Kennel cough in dogs is a very contagious viral infection. It often spreads from dog to dog in kennels and that’s why it got its name.
Does your dog have kennel cough? Here’s everything you need to know about this nasty infection so that you can help your fur baby recover.
Kennel Cough In Dogs
Kennel cough is caused by a bacterium called Bordetella Bronchiseptica but a family of infections can cause Kennel Cough in dogs.
It’s an airborne infection where dogs get infected by inhaling the bacteria in the air from the infected dog. It may also happen if they play with an infected dog. It’s very contagious so if one dog in the locality has it, it is very likely to spread to other dogs.
Usually, dogs tend to recover pretty well from Kennel cough. However, if your dog has other conditions or is either too old or too young, it can lead to pneumonia and can be fatal.
In other cases, kennel cough makes the body susceptible to canine distemper. Young unvaccinated puppies who get canine distemper with kennel cough are very less likely to make it.
Common symptoms of kennel cough include:
- Loud coughing from the mouth that often resembles a goose
- White mucus from the mouth
- Runny nose
- Mild fever
Dogs with kennel cough often feel pressure on their throat when they are on a leash. If they lunge or try to bark, you may hear them cough. Some dogs also have trouble breathing and sleeping because of the congestion.
Usually, any kind of respiratory infection in dogs is labelled as kennel cough. After you tell them the symptoms they may press the throat to check for any coughing. This is usually enough to diagnose kennel cough.
Usually, a few days of rest is all that it takes to treat kennel cough. Doctors might give antibiotics to protect the body from other infections. In some rare cases, doctors prescribe nebulisers too.
It usually takes 3 weeks for kennel cough to heal and 6 weeks for it to heal in older dogs or dogs with a compromised immune system.
Don’t let your dog mix with other dogs. If you have more than one dog, try to keep them separate as much as possible. We know this is difficult and it’s very likely that your other dog will get infected.
Seclude all your dogs from other dogs for the next 3-4 weeks. Even if one dog is infected, your other dog can become a carrier.
Though the condition is not contagious to people, we can become carriers and infect other dogs. This is why it would be best to stay away from other dogs and pet parents as much as you can.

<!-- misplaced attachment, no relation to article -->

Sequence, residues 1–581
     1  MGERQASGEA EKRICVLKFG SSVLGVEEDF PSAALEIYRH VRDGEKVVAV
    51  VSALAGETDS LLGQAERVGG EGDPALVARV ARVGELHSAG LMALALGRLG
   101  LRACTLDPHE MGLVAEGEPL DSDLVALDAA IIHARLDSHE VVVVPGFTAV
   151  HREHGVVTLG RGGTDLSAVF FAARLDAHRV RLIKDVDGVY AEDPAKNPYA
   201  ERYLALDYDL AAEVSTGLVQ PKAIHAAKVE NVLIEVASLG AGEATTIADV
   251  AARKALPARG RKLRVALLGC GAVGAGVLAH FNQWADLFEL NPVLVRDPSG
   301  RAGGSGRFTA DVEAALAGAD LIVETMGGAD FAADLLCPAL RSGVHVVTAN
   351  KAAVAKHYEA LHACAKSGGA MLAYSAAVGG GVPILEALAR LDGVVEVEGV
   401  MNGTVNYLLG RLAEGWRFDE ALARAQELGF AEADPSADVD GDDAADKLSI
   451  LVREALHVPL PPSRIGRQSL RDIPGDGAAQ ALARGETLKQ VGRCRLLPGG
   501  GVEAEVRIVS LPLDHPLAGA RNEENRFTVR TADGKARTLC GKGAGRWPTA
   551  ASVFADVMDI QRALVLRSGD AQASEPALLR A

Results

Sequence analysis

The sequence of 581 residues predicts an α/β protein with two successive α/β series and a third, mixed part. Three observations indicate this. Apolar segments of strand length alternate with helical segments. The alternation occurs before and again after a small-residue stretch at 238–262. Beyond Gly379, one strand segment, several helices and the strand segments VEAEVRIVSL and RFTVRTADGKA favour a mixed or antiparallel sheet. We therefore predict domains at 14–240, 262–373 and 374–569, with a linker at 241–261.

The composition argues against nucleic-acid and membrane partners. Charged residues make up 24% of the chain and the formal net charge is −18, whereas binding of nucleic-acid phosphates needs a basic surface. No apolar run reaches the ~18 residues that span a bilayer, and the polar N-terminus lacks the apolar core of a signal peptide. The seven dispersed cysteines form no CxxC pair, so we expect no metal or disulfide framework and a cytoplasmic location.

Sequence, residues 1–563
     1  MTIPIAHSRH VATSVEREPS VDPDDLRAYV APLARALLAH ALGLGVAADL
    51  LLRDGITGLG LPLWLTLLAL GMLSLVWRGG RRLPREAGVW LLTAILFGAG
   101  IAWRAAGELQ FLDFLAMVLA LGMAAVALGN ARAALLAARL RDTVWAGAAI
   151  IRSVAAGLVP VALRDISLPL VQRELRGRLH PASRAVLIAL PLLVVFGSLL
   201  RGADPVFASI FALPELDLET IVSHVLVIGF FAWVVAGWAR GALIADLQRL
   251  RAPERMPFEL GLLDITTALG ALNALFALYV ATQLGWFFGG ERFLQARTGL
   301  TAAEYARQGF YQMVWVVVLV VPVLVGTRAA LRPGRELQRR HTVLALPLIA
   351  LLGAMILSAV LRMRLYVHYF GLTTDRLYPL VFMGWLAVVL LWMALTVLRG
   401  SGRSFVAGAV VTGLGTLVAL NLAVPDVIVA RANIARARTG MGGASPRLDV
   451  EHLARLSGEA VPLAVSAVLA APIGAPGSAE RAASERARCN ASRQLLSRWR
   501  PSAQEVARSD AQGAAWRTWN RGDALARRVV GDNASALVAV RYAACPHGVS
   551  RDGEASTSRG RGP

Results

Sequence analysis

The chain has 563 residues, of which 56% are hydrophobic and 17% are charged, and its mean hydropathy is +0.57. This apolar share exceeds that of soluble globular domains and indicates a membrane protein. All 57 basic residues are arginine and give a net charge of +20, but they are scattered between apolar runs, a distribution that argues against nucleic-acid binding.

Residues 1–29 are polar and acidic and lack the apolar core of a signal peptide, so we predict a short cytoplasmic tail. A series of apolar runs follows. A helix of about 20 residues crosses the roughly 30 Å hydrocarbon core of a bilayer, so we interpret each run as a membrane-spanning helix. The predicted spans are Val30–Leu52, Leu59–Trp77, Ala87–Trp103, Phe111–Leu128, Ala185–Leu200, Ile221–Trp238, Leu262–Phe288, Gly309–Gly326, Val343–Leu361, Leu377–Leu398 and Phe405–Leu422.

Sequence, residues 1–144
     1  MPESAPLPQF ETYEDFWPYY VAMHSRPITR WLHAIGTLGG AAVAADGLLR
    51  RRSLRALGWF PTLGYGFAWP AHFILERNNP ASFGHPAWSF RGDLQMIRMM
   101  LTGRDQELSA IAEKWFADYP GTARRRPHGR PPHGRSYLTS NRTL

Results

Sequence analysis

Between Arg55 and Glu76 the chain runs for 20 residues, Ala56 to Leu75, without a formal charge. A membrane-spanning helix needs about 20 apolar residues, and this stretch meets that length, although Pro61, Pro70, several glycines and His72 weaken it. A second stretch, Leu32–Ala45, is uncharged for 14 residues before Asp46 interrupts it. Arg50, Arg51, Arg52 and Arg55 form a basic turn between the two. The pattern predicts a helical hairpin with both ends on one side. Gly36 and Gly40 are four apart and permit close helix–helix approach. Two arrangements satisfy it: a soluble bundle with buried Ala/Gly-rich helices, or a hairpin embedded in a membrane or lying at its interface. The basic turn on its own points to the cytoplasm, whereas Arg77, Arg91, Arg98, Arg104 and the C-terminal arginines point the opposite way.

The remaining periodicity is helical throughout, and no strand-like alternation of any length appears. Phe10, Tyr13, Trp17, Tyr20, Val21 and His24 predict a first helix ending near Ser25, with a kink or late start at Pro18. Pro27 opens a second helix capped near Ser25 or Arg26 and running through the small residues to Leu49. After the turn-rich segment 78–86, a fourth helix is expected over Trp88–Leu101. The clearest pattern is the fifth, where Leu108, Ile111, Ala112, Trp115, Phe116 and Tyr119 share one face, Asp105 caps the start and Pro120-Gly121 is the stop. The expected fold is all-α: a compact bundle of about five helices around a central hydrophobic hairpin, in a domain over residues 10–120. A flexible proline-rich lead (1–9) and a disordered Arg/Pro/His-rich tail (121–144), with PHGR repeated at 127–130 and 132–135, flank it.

Also, avoid using neck collars for the next few weeks. Collars add pressure to the larynx and induce coughing which irritates the throat. You can use a padded harness instead as this will take away all the pressure they have on their neck.
A few weeks of downtime is all that it takes for dogs to make a full recovery. But if you see their symptoms worsen or if they start to deteriorate, you should take them to the vet to rule out any other kinds of infections.
Can Dogs Get Kennel Cough Twice?
Yes. Though the immune system becomes stronger if they have kennel cough once, there are many strains of kennel cough, so a dog can catch the other strains of the infection.
If dogs are infected by the Bordetella Bronchiseptica, they will stay immune for the next 6 months to a year. But after that, they can get infected again.
Our best advice to prevent this condition would be to avoid crowded doggie daycare centres, kennels etc as much as you can. Don’t let your dog play with other dogs that seem a bit sick to you.
Work on ways to strengthen their immune system – keep their weight in the right range, give them the right dog food and make sure they are clean. These simple things will prevent kennel cough.
Should I Give My Dog The Kennel Cough Vaccination?
There is a vaccination for Bordetella Bronchiseptica. It is either given as a nose drop or it comes as an intravenous injection. Most veterinarians in India give the intravenous injection if you make a request. However, the nose drop vaccination is less invasive and more holistic.
For the vaccination to work, you will have to give it every once a year or once in 6 months. But, even after all the effort, this vaccination does not guarantee that your dog won’t get kennel cough again.
They will most likely catch other strains of kennel cough if exposed to an infected dog.
Instead of giving them the Bordetella Bronchiseptica vaccination, you can give them the canine distemper and parvo vaccinations. This will protect them from getting other life-threatening infections if they get kennel cough in the future.
Many doggie daycare facilities have made it compulsory for dogs to get a kennel cough vaccination. In this case, you can give it but you don’t have to renew it unless they have to go to a doggie daycare facility again.
If you have a young dog with kennel cough, don’t worry. They are most likely to get better in a few weeks.
We hope this article was helpful to you. Does your dog have kennel cough? Or did they ever have it in the past? Let us know in the comments section below.